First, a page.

Monday, March 04, 2024|
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Valentina Taetuna and her granddaughter from Milolii receive a bounty of toys from King’s Daughters Ministry on Friday. (Laura Ruminski/West Hawaii Today)
Helen Vailuu loads up a box full of food at the King’s Daughters Ministry Christmas Celebration on Friday. (Laura Ruminski/West Hawaii Today)
Helen Vailuu, left, loads up a box full of food for Elizabeth Taetuna of Waimea Friday at the King’s Daughters Christmas celebration. (Laura Ruminski/West Hawaii Today)
Christmas was made a little merrier for families attending the King’s Daughters Ministry celebration Friday at the Kainaliu thrift store.
The ministry gave away toys, food boxes with chicken, rice, canned goods, sugar, flour and much more. Clothing was only $1 and all Christmas trees, decorations and ornaments were free.
“Christmas Eve is when everyone is home spending time with family and friends,” said Helen Vailuu, founder of the ministry. “We at the The King’s Daughters will be doing the same. Spending Christmas Eve with family and friends, that’s our community. We love our community — from newborn to our kupuna, especially everyone in between, our children.”
Vailuu said it is more important now, two years into the pandemic, to share the love this Christmas season.
“The last two years have been devastating to our local families, local businesses, our children of all ages with the rise of domestic violence, poverty, depression, drug and alcohol abuse, death from illness and COVID-19,” she said.
She noted her personal loss of two family members who died from the virus.
“Many families will be missing from Christmas celebrations this year, It’s a big void. Everyone needs love more then ever before,” said Vailuu. “We at King’s Daughters Ministries wanted to be with our community on Christmas Eve to celebrate and remember what Christmas is.”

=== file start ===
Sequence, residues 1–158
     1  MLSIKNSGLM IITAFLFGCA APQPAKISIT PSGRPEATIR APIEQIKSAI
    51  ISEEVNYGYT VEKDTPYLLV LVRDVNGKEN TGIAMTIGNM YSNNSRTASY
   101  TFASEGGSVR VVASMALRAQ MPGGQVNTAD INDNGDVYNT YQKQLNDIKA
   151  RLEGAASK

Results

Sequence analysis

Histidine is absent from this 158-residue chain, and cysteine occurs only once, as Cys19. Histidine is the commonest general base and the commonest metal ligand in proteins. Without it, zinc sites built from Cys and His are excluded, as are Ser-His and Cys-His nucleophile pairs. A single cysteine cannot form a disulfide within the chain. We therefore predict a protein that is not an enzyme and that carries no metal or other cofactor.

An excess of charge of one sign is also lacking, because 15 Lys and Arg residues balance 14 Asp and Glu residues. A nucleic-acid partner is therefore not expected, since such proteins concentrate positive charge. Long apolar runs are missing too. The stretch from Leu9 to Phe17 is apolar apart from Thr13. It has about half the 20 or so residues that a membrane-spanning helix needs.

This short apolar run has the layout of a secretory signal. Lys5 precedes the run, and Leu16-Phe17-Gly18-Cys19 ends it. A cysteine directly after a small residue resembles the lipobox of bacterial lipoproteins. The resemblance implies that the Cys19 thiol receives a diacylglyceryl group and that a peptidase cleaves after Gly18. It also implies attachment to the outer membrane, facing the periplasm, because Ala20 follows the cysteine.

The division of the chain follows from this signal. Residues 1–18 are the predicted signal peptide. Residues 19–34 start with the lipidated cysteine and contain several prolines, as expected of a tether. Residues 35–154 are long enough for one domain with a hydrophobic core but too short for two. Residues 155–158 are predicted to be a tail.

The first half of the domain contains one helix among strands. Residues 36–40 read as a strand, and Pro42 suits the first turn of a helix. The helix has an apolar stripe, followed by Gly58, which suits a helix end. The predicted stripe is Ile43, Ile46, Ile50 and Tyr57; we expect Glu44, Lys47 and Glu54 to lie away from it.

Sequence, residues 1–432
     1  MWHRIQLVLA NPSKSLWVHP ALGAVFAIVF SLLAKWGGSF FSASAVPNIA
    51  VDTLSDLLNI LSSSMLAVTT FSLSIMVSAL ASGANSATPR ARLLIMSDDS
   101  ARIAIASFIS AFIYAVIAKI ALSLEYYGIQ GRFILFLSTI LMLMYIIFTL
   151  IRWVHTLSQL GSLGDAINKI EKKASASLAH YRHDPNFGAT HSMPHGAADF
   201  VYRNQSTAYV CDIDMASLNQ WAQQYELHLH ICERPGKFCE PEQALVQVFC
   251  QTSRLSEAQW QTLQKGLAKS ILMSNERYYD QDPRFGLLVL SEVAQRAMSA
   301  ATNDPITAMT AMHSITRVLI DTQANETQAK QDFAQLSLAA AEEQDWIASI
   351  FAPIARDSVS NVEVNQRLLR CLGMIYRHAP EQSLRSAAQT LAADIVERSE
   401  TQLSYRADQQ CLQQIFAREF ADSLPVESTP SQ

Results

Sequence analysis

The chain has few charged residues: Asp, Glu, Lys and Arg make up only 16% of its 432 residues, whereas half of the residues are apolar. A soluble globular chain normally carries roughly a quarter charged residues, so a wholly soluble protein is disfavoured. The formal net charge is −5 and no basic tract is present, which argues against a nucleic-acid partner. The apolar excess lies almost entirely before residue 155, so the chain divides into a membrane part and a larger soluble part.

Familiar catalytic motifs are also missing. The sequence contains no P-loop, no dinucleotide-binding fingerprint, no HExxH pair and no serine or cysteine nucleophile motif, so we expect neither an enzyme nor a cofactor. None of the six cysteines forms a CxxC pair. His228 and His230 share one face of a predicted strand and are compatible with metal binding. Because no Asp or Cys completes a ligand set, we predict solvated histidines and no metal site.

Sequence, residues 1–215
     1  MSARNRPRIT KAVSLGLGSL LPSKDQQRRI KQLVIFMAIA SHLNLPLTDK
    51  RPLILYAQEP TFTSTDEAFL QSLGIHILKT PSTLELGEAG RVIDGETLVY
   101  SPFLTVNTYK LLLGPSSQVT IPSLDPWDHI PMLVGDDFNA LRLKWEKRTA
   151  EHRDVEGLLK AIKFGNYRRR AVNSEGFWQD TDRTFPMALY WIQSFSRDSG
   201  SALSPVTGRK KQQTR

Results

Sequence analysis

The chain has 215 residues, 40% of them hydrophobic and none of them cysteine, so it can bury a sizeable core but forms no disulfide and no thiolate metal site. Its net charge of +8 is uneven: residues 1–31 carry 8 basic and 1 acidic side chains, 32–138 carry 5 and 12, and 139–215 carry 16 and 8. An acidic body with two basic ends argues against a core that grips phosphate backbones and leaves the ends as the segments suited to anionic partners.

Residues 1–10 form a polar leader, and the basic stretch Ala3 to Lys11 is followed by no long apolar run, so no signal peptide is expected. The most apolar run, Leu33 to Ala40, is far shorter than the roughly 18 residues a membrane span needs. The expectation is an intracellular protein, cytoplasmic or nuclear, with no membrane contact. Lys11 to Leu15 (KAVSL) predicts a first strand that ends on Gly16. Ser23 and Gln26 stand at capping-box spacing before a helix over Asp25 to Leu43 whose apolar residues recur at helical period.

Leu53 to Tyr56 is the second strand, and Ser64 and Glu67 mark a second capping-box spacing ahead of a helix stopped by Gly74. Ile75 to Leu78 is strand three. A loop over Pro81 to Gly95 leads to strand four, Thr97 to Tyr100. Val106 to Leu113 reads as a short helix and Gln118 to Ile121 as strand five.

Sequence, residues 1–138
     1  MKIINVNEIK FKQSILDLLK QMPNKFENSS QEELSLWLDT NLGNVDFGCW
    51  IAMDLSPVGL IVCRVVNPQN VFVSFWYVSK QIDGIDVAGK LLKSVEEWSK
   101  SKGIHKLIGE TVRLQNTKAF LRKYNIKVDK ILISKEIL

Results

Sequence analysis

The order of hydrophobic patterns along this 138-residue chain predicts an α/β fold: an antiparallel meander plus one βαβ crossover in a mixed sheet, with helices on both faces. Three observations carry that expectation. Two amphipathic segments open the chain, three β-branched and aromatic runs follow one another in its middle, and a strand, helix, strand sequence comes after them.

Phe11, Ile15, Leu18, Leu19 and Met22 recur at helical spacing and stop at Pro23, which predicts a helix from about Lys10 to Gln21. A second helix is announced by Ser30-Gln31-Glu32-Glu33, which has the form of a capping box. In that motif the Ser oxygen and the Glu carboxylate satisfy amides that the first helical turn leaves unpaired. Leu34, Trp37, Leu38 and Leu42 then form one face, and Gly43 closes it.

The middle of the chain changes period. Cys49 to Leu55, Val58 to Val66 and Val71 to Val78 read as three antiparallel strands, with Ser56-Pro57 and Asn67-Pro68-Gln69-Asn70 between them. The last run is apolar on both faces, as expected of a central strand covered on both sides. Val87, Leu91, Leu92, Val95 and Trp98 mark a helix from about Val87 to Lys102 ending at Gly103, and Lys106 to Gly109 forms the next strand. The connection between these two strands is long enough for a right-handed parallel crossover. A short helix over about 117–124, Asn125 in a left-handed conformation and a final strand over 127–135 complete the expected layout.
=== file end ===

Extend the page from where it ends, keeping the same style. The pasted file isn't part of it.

Milton Donner was driving along Mamalahoa Highway when he saw the signs for free toys for the keiki.
“I turned around and came back,” said Donner, who is taking care of a family of six ohana members. “This is awesome. I’m so happy.”
Vailuu said there were 85 registered families for the event, but she still accepted walk-ups.
Food was provided by The Food Basket and toys were donated from Toys for Tots.
“We just want to make sure everyone who needs it gets help,” she said.
“We as a community need to come together. We are all connected as a family.”
Vailuu said her nonprofit is volunteer-driven and relies on donations to fund the ministry.
“It’s been a rough two years with COVID, ” she said. “We didn’t know if we were going to make it.”
But she was able to keep her ministry and thrift store open and still has big plans for the future.
She still has a vision to build a youth center, noting the lack of activities for our keiki.
“We have all the plans, we just need to find the land,” she said, hoping a generous individual will step up and donate a parcel. “When we leave this world we take nothing with us, only the good and loving deeds and support we gave to one another. Do unto others as you would like them to do unto you.”
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